Medical Journal Editors Back Off Ambitious Data-Sharing Mandate for Publication

Acknowledging the “substantial” hurdles, the International Committee of Medical Journal Editors settles on voluntary sharing—for now.

Medical Journal Editors Back Off Ambitious Data-Sharing Mandate for Publication

The International Committee of Medical Journal Editors (ICMJE) has backed off plans to mandate sharing of clinical trial data as a prerequisite for publication, at least for the time being. In an editorial simultaneously published in 13 journals earlier this week, Darren Taichman, MD, PhD, executive deputy editor of the Annals of Internal Medicine, along with other journal editors appeared to express disappointment that their bold vision has not—yet—come to pass.

“Over the past year . . . we have learnt that the challenges are substantial and the requisite mechanisms are not in place to mandate universal data sharing at this time,” they state. “Although many issues must be addressed for data sharing to become the norm, we remain committed to this goal.”

As previously reported by TCTMD, the original proposal, published in 18 international medical journals, called for de-identified patient-level data to be made public according to an agreed upon plan within 6 months of the publication of each trial’s main results. The plan for data sharing would also be a component of clinical trial registration.

The full proposal, however, drew a barrage of comments, some supportive but many others voicing concerns for patient privacy, logistics, the cost of adhering to the ICMJE’s requests, and the fostering of so-called “data parasites.”

“Some applauded the proposals,” Taichman et al write in their editorial published June 6, 2017, “while others expressed disappointment that they did not more quickly create a commitment to data sharing. Many raised valid concerns regarding the feasibility of the proposed requirements, the necessary resources, the real or perceived risks to trial participants, and the need to protect the interests of patients and researchers.”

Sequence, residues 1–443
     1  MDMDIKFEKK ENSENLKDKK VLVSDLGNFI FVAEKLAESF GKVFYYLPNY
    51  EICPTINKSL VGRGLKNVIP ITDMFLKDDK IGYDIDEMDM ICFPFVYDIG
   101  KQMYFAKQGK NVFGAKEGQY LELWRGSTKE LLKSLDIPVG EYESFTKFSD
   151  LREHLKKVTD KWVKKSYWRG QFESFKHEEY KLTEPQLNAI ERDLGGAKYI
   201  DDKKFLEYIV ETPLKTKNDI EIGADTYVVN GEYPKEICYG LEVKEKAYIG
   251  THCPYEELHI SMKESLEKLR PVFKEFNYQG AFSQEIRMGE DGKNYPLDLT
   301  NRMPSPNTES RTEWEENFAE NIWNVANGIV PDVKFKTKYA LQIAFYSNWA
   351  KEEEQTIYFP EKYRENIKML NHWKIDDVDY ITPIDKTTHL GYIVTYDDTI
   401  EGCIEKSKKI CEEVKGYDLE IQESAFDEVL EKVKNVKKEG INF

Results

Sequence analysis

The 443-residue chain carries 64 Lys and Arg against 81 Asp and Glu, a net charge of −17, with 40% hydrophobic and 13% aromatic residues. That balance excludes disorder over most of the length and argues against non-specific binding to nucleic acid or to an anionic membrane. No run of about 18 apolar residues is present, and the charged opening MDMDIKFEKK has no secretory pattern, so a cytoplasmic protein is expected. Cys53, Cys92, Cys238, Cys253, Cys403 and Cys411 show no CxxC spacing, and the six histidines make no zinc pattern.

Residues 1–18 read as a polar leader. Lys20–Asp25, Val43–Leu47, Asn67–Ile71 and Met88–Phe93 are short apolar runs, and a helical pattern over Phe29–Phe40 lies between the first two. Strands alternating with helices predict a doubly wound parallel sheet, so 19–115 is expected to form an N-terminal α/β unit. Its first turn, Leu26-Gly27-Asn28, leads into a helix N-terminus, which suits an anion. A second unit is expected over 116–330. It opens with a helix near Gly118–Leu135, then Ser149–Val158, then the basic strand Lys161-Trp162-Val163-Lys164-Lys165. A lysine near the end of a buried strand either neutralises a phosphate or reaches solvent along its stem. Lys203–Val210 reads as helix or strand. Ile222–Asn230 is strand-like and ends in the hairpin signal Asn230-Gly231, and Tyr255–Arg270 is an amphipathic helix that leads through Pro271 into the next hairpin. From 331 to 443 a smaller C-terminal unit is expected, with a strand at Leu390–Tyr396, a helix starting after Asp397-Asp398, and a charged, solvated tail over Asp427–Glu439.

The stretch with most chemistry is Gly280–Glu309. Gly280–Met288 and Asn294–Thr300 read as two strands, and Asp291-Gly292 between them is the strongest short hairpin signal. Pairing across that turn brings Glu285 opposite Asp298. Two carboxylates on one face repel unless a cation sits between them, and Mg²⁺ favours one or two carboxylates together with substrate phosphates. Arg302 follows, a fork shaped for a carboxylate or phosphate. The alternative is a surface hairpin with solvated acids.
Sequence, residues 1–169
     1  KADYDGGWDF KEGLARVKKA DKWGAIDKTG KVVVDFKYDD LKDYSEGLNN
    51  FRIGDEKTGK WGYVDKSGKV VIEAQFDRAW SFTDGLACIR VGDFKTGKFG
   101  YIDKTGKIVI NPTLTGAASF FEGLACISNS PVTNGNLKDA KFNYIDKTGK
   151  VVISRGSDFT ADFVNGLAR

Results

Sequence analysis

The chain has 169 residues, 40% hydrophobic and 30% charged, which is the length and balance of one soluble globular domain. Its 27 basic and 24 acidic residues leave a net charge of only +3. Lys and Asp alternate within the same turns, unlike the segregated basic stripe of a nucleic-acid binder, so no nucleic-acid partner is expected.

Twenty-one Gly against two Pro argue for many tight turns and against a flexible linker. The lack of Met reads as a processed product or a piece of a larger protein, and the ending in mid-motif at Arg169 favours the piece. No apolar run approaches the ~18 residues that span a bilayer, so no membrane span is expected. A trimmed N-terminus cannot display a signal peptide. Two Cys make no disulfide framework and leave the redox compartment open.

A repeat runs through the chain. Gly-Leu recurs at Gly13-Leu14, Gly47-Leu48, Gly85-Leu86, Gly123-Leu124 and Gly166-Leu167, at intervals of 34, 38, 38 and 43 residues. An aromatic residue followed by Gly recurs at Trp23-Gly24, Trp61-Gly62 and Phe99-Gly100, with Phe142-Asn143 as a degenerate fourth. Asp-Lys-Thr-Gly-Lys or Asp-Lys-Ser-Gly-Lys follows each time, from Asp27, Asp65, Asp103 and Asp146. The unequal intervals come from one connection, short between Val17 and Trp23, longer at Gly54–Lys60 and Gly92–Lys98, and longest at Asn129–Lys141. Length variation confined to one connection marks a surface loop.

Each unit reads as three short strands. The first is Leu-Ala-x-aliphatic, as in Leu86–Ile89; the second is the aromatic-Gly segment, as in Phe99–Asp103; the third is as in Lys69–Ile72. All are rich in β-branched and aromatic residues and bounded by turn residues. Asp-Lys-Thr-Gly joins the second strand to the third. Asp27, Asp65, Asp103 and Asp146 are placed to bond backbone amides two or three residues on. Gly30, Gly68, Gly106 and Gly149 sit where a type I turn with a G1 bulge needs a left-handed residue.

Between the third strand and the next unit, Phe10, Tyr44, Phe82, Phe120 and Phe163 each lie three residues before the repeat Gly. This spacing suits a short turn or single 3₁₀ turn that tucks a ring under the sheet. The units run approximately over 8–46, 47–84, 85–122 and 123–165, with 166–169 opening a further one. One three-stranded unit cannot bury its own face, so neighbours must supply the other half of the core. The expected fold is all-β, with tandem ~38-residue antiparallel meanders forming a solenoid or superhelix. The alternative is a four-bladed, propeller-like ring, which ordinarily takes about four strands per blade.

As such, the revised requirements state only that reports from clinical trials submitted to ICMJE member journals contain “a data-sharing statement,” effective January 1, 2018. For trials that begin enrolling patients on or after January 1, 2019, these must include a data-sharing plan at the time of trial registration on ClinicalTrials.gov or the WHO International Clinical Trials Registry Platform.

Data-sharing statements must include:

  • Whether individual de-identified participant data (including data dictionaries) will be shared
  • What data in particular will be shared
  • Whether additional, related documents will be available (study protocol, statistical analysis plan, etc)
  • When the data will become available and for how long
  • By what access criteria data will be shared (including with whom, for what types of analyses, and by what mechanism)

The requirements are not mandatary—for now—“but investigators should be aware that editors may take into consideration data-sharing statements when making editorial decisions,” Taichman et al write.

“We envision a global research community in which sharing de-identified data becomes the norm,” they conclude. “Working towards this vision will help maximize the knowledge gained from the efforts and sacrifices of clinical trial participants.”

More Mixed Reactions

Gregg Stone, MD (Columbia University Medical Center, New York, NY), commenting on the editorial for TCTMD, said: "The current ICMJE statement is a very reasonable step forward that advances progress towards data sharing and transparency by requiring all stakeholders to strongly consider this issue for all research studies prior to contemplated publication in many of the leading journals. [By] promoting data sharing and collaboration while allowing flexibility, including the alternative not to publicly share data at this time, the present policy respects valid concerns that have been expressed and that must be worked out prior to this concept becoming universal.”

These include “issues of data housing, researcher qualifications, project scope, application and approval process, database and analysis complexity, patient identity control, authorship, costs and much more,” Stone continued. “The insights gained from what transpires after this first step will no doubt lead to additional discourse on this important topic, and future refinements."

Reaction on Twitter, however, was less supportive of what some saw as a watered-down realization of what was initially a bold, forward-looking plan.

 

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